In 1990, the first congress of the Shapsug tribe took place, where they would adopt a declaration on the reinstatement of the Shapsug National Raion. On 12 June 1992, the Presidium of the Supreme Soviet of the Russian Federation passed a resolution on the establishment of the Shapsug National Raion.[clarification needed]


The traditional Shapsug culture had much in common with other Circassian tribes. The Shapsug were engaged in agriculture, cattle and horse breeding, horticulture, viticulture, and beekeeping. In pre-Islamic and pre-Christian times, the Shapsug worshiped the Circassian gods—Shible (god of thunder and lightning), Sozeresh (Adyghe: Созереш) (god of fertility), Yemish or Yemij (god of war), Akhin and Khakustash (protectors of cattle breeding), Tlepsh (god of blacksmithing), Keshkogwasha (Adyghe: Хышхогуащэ) (god of the Black Sea), etc. The Shapsug used to perform the Hantse Guashe (Adyghe: Хьэнцэ гуащэ) ceremony of rain calling during droughts by carrying a dressed doll through the aul and then drowning it in the river, and never getting it out before rain had arrived.[12]

Since the early 19th century, the Shapsug are primarily Sunni Muslims (Hanafi).[13]


Main article: Shapsug Adyghe dialect

The Shapsug (Adyghe: Шапсыгъэбзэ) is one of the mutually intelligible sub-dialects of the Adyghe language's West Adyghe dialect.[14] There were two major varieties of Shapsug before the exile of the Circassians. Since the Shapsug scattered around the world, each Shapsug community developed a different form of speech.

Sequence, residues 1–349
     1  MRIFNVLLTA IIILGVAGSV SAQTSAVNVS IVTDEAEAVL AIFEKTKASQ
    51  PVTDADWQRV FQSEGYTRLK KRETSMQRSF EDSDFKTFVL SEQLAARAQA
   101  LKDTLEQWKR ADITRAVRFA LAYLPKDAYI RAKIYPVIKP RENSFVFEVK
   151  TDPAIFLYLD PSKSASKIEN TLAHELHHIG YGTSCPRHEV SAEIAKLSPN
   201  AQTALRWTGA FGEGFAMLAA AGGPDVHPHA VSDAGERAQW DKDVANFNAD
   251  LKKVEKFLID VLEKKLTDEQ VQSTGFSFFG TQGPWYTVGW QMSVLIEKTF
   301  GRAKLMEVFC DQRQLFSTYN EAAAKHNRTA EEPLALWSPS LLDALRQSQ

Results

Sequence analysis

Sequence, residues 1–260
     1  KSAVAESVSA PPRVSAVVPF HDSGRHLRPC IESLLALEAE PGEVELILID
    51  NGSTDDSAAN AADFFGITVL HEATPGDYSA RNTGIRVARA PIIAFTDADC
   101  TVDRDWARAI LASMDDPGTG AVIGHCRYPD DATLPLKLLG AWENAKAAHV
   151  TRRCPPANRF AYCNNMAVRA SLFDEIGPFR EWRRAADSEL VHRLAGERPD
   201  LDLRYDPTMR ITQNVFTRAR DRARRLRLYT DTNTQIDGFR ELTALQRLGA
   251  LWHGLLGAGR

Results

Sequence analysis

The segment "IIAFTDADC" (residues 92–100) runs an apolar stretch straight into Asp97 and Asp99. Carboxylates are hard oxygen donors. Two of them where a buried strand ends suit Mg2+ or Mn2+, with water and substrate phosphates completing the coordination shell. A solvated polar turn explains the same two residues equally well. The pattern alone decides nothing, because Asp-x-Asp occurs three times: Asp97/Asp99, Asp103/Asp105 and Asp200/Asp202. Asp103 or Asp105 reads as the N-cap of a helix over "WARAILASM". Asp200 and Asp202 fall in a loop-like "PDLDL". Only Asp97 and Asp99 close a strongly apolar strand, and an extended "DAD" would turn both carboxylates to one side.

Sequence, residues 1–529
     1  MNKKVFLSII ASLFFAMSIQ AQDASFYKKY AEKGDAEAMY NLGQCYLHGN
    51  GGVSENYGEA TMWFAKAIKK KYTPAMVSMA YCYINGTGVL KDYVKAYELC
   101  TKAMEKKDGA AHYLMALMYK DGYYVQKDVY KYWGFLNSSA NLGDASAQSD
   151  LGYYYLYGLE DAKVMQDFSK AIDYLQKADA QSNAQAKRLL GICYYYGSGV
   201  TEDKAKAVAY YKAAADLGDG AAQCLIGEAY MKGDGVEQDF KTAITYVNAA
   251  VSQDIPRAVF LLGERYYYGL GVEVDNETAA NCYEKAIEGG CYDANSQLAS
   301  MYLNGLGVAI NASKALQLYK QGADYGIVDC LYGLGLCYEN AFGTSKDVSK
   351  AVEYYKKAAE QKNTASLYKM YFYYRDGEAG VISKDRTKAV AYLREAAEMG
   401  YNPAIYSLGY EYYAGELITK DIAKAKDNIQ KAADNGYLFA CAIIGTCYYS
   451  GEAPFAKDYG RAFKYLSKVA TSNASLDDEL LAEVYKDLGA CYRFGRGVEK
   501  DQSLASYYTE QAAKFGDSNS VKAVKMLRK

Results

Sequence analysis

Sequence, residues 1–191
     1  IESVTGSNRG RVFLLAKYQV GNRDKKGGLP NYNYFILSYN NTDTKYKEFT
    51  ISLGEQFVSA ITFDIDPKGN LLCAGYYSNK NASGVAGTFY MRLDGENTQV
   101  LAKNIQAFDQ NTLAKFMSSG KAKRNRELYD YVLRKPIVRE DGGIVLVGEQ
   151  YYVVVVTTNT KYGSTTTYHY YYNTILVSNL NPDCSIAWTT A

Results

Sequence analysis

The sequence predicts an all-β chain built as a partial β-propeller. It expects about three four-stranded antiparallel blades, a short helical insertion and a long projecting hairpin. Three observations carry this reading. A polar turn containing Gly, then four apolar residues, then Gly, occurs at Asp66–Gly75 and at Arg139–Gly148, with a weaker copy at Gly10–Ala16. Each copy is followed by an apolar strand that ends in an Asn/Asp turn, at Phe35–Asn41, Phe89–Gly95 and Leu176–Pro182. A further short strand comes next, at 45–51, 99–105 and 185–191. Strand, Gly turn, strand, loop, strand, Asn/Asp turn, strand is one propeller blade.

Some Shapsug families

Circassian Transcription Circassian Transcription Circassian Transcription Circassian Transcription Circassian Transcription Circassian Transcription
Натхъомэ ялIакъохэр Natkhoma Yalhakhokhar НэтIахъомэ ялIакъохэр Natkhoma Yalhakhokhar Коблы ялIакъохэр Kobl Yalhakhokhar Шъхьаптэхэ ялIакъохэр Shhaptakha Yalhakhokhar Гъуагъо-Шъэотэхмэ ялIакъохэр Ghorha-shawatkhma Yalhakhokhar Гуаемэ ялIакъохэр Guayama Yalhakhokhar
Акьэжъ Achazh Абир (Абыр) Abir Ачумыжъ Achmuzh Абрэгь Abreg БжьашIо Bzhasho БжыхьалI Bzhihalh
Ачокъу Achoqw Алащэ Alasha Бастэ Basta Егъум Yagum Борэкъо Boraqo Гунай Gunai
Багьэ Baga Бэус Baws Батэ Bata Нэгъучу Naghuchu Гусэр Gusar Дачэ Dacha
Бзыщ Bzish Гъурыжъ Ghurezh Бгъанэ Bghana ОгъулI Waghulh Джадэ Jada ЕкIуашъ Yaquash
Быркьэ Berqa Дыжьы Dizh Джарым Jarem Пцашэ Ptsasha Иныхъу Yinikho КIэсэбэжъ Chasabazh
БэгъэгушIу Baghagush’u Дэджэраджэ Dajaraja Дэбэхьу Dabahu Тыркуао Tirquawa Къанщэжь Qanshazh Къэрэджан Qarajam
Джарым Jarem Ешъуталъэ Yashutalha Дэгуф Daguf Хъуд Khud Къуаджэ Quaja ЛIыхъужъ Lhekhuzh
Емызагъ Yamezagh КIакIыхъу Chachekhu ЛIыф Lhif ХыдзэлI Khidzalh ЛIыхъужъыкъу Lhekhuzhequ Лъэцэрыкъу Lhatsariqu
Ергъужъ Yarghuzh МэзакIу Mazaku ЛIыхъужъ Lhekhuzh Хьагъур Zhaghur Лъэпшъыкъу Lhapshiqu Мэджаджэкъу Majajaqu
КIуф K’uf Пэхъу Pakhu Наго Nago Хьахъу Hakhu Мышъэ Misha Мэмэт Mamat
Кьэхъу Qakhw Тхыжъ Tkhizh Нащэ Nasha Хьэлъакъу Halhaqu Мэт Met Мэт Met
ЛIыкьас L’hikas Хьазыкъу Haziqu Нэгъужъ Naghuzh Шъау Shaw ПсэкIэкI Psachach Нэукъ Nawq
Мэлыщ Malish Хьахъуратэ Hakhurata Нэпсэу Napso Шъхьэлахъо Shhalakho Тым Tim ПщыукI Pshiwch
Мэфэуд Mafawud Хьурым Hurim Псэукъо Psoqo Ушъый Wshiy Сабын (Сабыныкъу) Sabeniqu)
Натхъо Natkho ШIужъэкъу Shuzhaqu Пэкожъ Pakozh Хъун Khun ТхьалI Thalh